The people who finance political parties and political campaigns will often embrace idealists and sometimes support slick extremists, but they quickly abandon amateurs. For that reason, far fewer Tea Party candidates are posing serious primary challenges to incumbents in 2014 than in 2010 or 2012. Although the progressive movement of the 1970s was the opposite end of the political spectrum from the Tea Party today, it suffered from the same sort of broader perception of its radicalism. If the Tea Party seems rancidly and anachronistically opposed to any sort of social, cultural, or political change, the progressives in the 1970s were all too easy to caricature as almost anarchistic opponents of the status quo. Though it may be deemed as blasphemy by the Far Right, it is not at all an exaggeration to assert that Ronald Reagan was elected as much for what he did not represent as for what he did represent. The so-called “Reagan Democrats” included a large number of working-class Whites in the Northeast and Midwest, as well as in the South, who felt that the progressivism of the 1960s and 1970s had become an extremist movement and had caused things to change too much and too fast. They weren’t necessarily embracing the ideology of the Far Right as they were rejecting the ideology of the Far Left. It is worth noting, too, that, despite the social upheaval and the political divisions caused by the Vietnam War, the 1960s and early 1970s were a period of general economic prosperity. It was easier for the general population—the middle-class—to accept progressive radicalism then than it was during the extended and severe economic downturn of the late 1970s and early 1980s, in which the erosion of the industrial workforce began to accelerate. So, an inversion of this pattern has occurred with the Tea Party: that is, they had more appeal when the country was experiencing a terrible economic crisis in the Great Recession, but their appeal has diminished as the economic conditions have very gradually improved.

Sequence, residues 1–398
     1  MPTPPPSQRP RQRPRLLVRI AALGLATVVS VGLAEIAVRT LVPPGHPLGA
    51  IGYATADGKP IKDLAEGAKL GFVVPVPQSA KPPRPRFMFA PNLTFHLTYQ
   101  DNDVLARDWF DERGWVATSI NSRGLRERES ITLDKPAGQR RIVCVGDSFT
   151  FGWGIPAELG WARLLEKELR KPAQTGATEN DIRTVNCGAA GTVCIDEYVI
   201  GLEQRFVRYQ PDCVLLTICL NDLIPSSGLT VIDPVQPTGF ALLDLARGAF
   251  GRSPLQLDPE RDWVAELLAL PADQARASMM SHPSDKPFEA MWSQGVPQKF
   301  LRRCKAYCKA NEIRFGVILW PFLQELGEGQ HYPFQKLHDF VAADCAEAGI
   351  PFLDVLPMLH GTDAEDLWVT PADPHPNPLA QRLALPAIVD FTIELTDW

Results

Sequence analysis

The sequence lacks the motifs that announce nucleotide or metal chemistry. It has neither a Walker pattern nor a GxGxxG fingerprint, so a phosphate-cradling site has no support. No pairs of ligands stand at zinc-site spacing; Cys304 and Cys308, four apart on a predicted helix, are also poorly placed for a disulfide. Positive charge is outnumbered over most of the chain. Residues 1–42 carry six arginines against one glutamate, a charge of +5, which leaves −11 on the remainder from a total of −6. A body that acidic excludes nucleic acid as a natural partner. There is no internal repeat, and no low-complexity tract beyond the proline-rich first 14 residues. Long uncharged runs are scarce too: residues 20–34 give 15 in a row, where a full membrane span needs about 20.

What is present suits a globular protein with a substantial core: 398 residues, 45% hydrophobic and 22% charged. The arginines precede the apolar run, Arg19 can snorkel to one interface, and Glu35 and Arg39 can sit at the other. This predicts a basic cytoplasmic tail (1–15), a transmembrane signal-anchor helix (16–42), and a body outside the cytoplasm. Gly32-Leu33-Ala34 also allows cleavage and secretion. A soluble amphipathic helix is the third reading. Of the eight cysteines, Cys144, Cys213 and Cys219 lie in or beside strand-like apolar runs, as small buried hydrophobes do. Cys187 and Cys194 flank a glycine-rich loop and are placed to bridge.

In several Ohio cities, progressives have become very actively engaged in the political process at the grassroots level. In some cases, they are running as independent labor candidates. In fact, in Lorain, which is located in one of the most heavily unionized regions of the state, those candidates received much electoral support and now constitute the majority on the city council. In contrast, in Hamilton County, progressives are currently running in large numbers to become party precinct executives, or voting members of the Democratic party’s central committee in the county. These are truly grassroots positions, and for a long while they have been regarded as anachronistic carryovers from a time, before television, when both major parties had much more extensive, formal representation at the neighborhood level. In fact, the precinct positions now carry so little prestige and influence that typically very few of the seats have been contested and many have remained unfilled. But after experiencing some success in advocating for several floundering countywide initiatives, progressives are stepping into the vacuum at the precinct level and exerting a broadening, bottom-up influence on the Democratic party in the county.

Both approaches to expanding the progressive influence on Ohio politics are encouraging. But, although the success of the independent labor candidates has garnered more attention, I think that what is occurring in Hamilton County may be more noteworthy in the longer term—that it may provide a more sustainable, longer-term model for insuring that progressive issues receive more than lip service at both the local and the state levels.

Martin Kich is the president of the Wright State University chapter of AAUP, which includes two bargaining units representing a total of about 600 faculty. He is also the vice-president of the Ohio Conference of AAUP, a member of the executive committee of AAUP’s national Collective Bargaining Congress (AAUP-CBC) and  chair of the Ohio Conference’s Communication Committee.  Posted initially to the Academe Blog []